The Real Life Dracula Was an Evil, Mass Killer and Central Planner
By Peter C. Earle
Another Halloween is upon us, bringing its late autumnal burst of costumes, candy, and merriment. Ghosts, witches, mummies, zombies, Frankenstein's monster, film and television characters, and others will make appearances, as will the quintessential Halloween figure: Dracula.
Most people are familiar with Count Dracula's first literary appearance in Bram Stoker's 1897 Gothic horror novel Dracula. And many are also aware that the undead villain was loosely based on a real historical figure, Vlad Tepes III — "Vlad the Impaler" (sometimes "Vlad Dracula") — who ruled mid-15th century Wallachia, a region of modern day Romania.
Incredibly, though, there is a real but lesser-known horror story behind Dracula — a story of the long-term effects of inflationary policies and a consequent campaign of economic nationalism, rather than of a mythic, powerful undead creature: interventionism pursued terrifyingly, diligently, to its logical ends.
The Real Dracula
In 1431, Vlad Tepes III, the man who would become the inspiration for Count Dracula, was born in Transylvania. With his father, Vlad II, on the Wallachian throne, early in life he and his brother were sent to the Ottoman court of Mehmet the Conqueror to act as living guarantors of their father's fidelity ("loyalty hostages"). While his brother, Radu, flourished, Vlad III was insolent and regularly experienced beatings and imprisonment.
Typical for that time, a host of intrigues swirled about the court of Vlad II, compounded by Wallachia's critical location as a buffer kingdom between the Ottoman and Holy Roman Empires; changes in leadership could bring about changes in policy, swiftly impacting trade and fortunes. In December of 1447, Vlad II was murdered during a coup. The Ottomans responded swiftly, appointing young Vlad III to his father's former throne. A Hungarian force in turn responded, driving Vlad to flee to Moldavia where he undertook diplomatic duties alongside his uncle.
In 1453, Constantinople fell, and Ottoman forces surged through the Balkans. When the Hungarian occupiers left Wallachia to support their allies and help staunch the flow of invaders, Vlad III, now 23, leapt into action, organizing and leading a successful invasion of his native land.
On retaking the throne, Vlad was stunned to find Wallachia in a state of utter social and economic decay. Where once a brisk trade in "salt, cattle … honey, wine … wax" and many other goods had prospered, the economy was now utterly destroyed.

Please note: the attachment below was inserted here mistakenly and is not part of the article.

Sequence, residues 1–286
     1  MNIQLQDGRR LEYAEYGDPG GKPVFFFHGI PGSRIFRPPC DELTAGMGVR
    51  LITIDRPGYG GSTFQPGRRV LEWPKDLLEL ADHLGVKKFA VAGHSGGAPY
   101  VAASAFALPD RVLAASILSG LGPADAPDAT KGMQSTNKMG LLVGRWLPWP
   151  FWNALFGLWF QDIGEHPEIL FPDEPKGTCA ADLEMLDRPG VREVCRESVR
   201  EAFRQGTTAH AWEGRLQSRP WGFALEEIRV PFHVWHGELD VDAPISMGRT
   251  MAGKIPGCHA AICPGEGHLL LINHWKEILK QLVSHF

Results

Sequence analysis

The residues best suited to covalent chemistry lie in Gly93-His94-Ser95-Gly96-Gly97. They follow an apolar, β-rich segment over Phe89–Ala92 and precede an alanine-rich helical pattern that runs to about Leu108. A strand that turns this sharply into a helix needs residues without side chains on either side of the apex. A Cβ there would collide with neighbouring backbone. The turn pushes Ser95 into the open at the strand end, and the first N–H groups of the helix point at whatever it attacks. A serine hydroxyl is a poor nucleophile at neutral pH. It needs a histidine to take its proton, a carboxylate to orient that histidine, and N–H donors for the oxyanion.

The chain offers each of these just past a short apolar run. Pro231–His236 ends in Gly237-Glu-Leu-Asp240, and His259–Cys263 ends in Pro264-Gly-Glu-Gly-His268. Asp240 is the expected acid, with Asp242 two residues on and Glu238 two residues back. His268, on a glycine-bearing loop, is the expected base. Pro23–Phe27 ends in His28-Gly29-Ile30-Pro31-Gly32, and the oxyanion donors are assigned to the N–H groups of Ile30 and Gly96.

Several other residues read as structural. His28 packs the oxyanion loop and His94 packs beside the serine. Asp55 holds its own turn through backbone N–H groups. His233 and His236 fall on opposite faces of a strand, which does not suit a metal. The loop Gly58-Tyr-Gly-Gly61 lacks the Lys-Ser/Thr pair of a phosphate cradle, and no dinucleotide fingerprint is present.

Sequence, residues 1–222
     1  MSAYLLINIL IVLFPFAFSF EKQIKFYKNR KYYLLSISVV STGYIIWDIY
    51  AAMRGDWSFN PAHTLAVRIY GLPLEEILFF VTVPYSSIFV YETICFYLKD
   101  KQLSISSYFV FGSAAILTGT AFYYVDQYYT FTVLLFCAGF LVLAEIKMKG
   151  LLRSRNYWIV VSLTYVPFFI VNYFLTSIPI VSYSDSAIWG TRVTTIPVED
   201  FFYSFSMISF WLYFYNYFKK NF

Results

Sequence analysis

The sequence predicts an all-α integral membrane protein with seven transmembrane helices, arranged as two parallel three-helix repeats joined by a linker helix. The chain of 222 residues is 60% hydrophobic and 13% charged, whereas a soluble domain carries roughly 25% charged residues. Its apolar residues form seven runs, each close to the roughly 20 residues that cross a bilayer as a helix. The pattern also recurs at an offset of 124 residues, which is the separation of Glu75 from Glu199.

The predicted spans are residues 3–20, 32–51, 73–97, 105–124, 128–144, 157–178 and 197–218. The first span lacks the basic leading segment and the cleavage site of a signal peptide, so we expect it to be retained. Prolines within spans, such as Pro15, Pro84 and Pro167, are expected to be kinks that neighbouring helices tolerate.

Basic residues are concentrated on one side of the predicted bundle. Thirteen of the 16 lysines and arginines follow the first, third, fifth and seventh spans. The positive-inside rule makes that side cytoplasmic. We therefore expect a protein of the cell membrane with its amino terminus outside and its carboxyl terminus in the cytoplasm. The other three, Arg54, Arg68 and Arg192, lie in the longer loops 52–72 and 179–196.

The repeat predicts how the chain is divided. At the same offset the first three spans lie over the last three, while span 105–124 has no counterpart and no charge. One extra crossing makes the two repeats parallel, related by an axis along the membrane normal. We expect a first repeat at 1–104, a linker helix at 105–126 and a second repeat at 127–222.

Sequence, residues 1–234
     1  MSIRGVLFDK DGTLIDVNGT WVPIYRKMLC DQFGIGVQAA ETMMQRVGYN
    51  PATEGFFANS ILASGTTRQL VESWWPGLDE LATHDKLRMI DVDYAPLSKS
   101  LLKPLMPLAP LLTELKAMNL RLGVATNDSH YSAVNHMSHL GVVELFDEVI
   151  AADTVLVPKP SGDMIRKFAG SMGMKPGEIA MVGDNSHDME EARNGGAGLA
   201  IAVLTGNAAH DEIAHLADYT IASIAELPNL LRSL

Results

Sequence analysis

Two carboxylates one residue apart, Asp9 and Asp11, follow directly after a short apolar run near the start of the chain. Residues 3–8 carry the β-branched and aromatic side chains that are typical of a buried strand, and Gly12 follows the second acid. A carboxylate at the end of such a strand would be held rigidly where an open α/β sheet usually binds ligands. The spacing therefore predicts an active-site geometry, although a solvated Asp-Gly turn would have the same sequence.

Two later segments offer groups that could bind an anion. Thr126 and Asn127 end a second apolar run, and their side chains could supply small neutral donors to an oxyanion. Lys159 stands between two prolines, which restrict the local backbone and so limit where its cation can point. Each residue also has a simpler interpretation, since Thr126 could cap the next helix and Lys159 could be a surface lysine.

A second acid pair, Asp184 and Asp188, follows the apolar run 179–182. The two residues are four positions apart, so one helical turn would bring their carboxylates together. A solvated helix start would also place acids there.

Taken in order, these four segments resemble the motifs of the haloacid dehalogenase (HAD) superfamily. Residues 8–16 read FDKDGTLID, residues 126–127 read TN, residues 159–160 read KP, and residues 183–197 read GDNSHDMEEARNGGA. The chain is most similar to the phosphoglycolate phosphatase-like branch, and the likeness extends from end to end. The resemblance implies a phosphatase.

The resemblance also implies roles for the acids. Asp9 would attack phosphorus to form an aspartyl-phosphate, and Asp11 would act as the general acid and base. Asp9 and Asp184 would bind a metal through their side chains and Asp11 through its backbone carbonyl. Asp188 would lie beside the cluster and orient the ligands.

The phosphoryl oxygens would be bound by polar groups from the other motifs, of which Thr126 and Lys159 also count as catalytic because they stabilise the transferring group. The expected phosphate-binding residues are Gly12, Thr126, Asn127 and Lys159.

In fact, throughout the century prior to Vlad III's return, the Wallachian economy had been systematically destroyed by liberal use of a well-known policy strategy: currency manipulation. Previous rulers of Wallachia had repeatedly implemented monetary "reform,"
each [of which] led to the introduction of a more debased … lighter weight type of ducat … [in order to] increase of the amount of the coinage needed by … expanding political payments.
The previous Wallachian leaders' motives were timeworn as well: "Wallachia was confronted, almost permanently, with excessive military expenses … as well as an active international policy."
Thus, there were "serious threats … [to] the monetary stability in Wallachia during the entire 14th–15th century."
Consistent expansion of the money supply had created insecurity within the realm, and Vlad immediately took action to create security, making his ruling objectives clear:
My sacred mission is to bring order.… There must be security for all in my land.… When a prince is powerful at home, he will be able to do as he wills. If I am feared by the right people, [we] will be strong.
Over the next six years, he implemented policies according to three rough tenets: class warfare/redistribution, protectionism, and welfare statism. Accounts of Vlad III's murderous efforts in these pursuits rival, in their sanguineous ingenuity, the most nightmarish accounts of both La Terreur of revolutionary France and the concentration camps of Nazi Germany. In Roumania Past and Present, historian James Samuelson notes, regarding the legends surrounding Vlad Tepes III, "if one-tenth of what has been related to him [is] true … [he is] one of the most atrocious and cruel tyrants who ever disgraced even those dark ages."